© 1997 Norman Mailer
I spotted this on on Amazon while looking at Chopra's Jesus. I often look up books I've read on Amazon to find similar books. You might remember that Jesus was a novel about the obvious character depicting him in his twenties as he develops what Chopra referred to as "god consciousness" -- in effect forcing the view of Chopra as expressed in The Third Jesus into a novel that started off well and quickly fell apart. Mailer's The Gospel According to the Son is somewhat different. It is a first-person novel that recounts the basic story of the traditional gospels. While Mailer's Jesus does comment that the gospel writers got some things wrong -- especially "Jew-Hating Luke" -- he does toe the Nicene line and sticks to basic Christian doctrine until the very end (at which point he seems to dipose of it completely). He fleshes out some New Testament stories and omits parts of others. An example of both is his retelling of the miracle of the fishes and loaves -- or one of them, seeing as I remember that happening twice. For those of you who didn't attend a fundamentalist Sunday School, this is the one where Jesus is speaking to a crowd in the middle of no-where and realizes that the crowd is growing hungry. His disciples come up with some kid's lunch (two fish and five loaves of bred) and somehow distributes these among five thousand men, not counting their wives and children. The stories generally depict the food magically regenerating as Jesus and his followers distribute it, and even managing to exceed what the crowd needs: the disciples are stuck toting twelve baskets of left-over fish and bread back to their town through the hot desert. Mailer's Jesus doesn't do this: he tears the food up into over five thousands teeny tiny little bits and distributes them out: the tiny bits become fulfilling once someone "eats" them by putting them on their tongue. It's an interesting take that stays true to canon while toying with a little bit.
How does this work as a novel? Intermittently. The quality was never consistent for me: it would be dry for a few pages as formal quotations from the New Testament are linked with basic sentences that betray little character from Jesus or anyone else and then suddenly it begins reading like a novel, with real people actually experiencing emotions and speaking in ways you might expect a human to speak. Unfortunately, those moments are not as frequent as they need to be and the book in general read flatly for me. The story as a whole read like the New Testament sometimes: as an account of scarcely linked stories about Jesus that lacked emotional depth. If you were to present this book to a person with no knowledge whatsoever of Jesus or the traditional apocalyptic Jewish god, I don't think they could appreciate it as a novel. There's no story here, no overall narrative that ties things together and makes it seem real. Characters usually say things out of the blue: they react in jerky ways like the author is just pulling their strings and making them. Chopra's characters did this too, but not as long -- and many of them developed real depth, especially Judas and Mary Magdalene. There are high points here: Mailer does do Judas well, although I prefer Chopra's Gospel of Judas-inspired Judas to the traditional villain Judas, even though he's rendered believable here. The chapter about Satan tempting Jesus in the wilderness has a very intriguing Satan who (from my perspective) makes valid criticisms about Yahweh's behavior (if for less-than-noble reasons) who continues to play a subtle part in the story despite being told off.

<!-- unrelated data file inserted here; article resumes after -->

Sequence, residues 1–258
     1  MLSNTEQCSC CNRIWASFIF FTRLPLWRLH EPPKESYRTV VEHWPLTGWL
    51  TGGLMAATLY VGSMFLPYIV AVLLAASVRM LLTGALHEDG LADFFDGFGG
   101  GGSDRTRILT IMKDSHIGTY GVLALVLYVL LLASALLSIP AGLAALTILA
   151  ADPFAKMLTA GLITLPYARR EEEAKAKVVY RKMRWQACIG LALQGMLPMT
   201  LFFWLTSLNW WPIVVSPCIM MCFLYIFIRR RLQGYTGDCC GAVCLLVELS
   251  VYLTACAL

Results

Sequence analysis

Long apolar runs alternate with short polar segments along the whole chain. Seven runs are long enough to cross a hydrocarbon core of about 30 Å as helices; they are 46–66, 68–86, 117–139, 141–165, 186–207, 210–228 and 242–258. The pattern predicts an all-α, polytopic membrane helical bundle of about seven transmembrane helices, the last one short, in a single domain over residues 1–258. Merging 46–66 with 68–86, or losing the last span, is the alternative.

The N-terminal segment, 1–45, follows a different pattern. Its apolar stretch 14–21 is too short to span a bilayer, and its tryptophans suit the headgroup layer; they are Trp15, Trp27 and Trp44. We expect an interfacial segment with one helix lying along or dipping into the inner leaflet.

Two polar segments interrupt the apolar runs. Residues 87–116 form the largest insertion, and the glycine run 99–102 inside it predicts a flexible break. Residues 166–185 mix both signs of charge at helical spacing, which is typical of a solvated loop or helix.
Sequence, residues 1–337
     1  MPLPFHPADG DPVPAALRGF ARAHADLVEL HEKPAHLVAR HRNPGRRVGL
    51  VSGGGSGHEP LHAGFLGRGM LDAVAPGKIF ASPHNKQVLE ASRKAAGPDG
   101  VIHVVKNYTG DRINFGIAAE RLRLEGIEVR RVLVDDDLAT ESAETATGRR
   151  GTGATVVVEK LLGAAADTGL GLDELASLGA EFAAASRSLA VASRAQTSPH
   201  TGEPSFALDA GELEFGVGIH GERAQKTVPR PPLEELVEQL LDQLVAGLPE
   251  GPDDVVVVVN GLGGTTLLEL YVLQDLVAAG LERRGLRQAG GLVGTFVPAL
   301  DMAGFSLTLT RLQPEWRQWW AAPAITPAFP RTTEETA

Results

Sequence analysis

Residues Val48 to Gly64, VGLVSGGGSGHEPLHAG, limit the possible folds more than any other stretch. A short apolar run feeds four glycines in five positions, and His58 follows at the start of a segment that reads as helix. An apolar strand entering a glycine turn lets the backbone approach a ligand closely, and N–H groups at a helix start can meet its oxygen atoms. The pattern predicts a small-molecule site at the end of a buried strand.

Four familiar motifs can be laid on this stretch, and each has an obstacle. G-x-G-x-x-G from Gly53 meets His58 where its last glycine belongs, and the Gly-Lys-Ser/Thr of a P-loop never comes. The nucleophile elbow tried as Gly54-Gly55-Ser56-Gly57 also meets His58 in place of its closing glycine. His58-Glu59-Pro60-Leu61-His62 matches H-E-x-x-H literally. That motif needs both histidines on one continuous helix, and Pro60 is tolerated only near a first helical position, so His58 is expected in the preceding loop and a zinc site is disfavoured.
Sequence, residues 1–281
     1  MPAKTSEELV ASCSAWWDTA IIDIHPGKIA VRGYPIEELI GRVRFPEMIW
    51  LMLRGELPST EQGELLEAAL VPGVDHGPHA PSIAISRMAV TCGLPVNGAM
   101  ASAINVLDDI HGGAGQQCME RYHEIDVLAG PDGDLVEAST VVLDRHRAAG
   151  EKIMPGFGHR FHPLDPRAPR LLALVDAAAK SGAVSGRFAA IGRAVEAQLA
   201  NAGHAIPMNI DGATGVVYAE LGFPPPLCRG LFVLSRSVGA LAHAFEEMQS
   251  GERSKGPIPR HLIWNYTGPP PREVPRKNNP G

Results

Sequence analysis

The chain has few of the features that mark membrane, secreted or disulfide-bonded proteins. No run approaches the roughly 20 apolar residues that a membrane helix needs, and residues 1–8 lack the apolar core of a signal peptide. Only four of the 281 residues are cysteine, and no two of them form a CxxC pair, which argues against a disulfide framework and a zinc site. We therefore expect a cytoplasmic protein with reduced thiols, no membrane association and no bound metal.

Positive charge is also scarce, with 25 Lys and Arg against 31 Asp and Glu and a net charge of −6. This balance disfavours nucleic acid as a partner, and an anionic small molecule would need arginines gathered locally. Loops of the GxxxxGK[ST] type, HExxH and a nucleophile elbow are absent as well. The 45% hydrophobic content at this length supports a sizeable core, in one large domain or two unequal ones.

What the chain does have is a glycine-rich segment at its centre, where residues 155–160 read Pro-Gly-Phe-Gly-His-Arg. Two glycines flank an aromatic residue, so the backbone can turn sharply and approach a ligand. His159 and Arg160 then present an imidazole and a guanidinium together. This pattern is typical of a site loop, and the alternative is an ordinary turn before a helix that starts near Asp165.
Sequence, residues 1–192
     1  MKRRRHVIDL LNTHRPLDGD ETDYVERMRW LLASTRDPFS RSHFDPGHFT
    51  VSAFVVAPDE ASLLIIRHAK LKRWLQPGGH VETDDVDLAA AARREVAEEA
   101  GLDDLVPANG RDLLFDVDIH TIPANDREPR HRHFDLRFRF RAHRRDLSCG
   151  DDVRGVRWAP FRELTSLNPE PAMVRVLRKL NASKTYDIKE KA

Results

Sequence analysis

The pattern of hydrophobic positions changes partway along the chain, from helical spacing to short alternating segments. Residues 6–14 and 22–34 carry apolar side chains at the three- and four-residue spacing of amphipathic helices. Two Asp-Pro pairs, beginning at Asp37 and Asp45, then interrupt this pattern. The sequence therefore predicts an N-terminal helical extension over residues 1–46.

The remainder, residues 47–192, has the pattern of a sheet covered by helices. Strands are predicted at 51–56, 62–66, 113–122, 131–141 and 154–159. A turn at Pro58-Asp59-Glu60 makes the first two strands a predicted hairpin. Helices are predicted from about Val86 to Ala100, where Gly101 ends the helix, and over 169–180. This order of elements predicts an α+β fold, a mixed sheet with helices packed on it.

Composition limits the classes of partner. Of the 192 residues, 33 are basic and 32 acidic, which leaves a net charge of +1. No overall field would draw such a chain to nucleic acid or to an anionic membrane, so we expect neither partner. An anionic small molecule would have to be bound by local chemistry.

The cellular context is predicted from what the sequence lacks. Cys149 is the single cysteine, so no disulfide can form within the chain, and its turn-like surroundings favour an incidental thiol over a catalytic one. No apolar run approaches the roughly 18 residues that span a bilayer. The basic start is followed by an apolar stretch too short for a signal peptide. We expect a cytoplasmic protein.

I suppose this book is like a plane that gets off the ground but never really takes to the air, instead constantly dipping into and bouncing off of the runaway before suddenly jerking to a stop. There are little moments, but it seems somewhere between fair and mediocre. I think those who find the four traditional Gospels to be an enjoyable read might like this, although those who are very attached to literalism may be annoyed.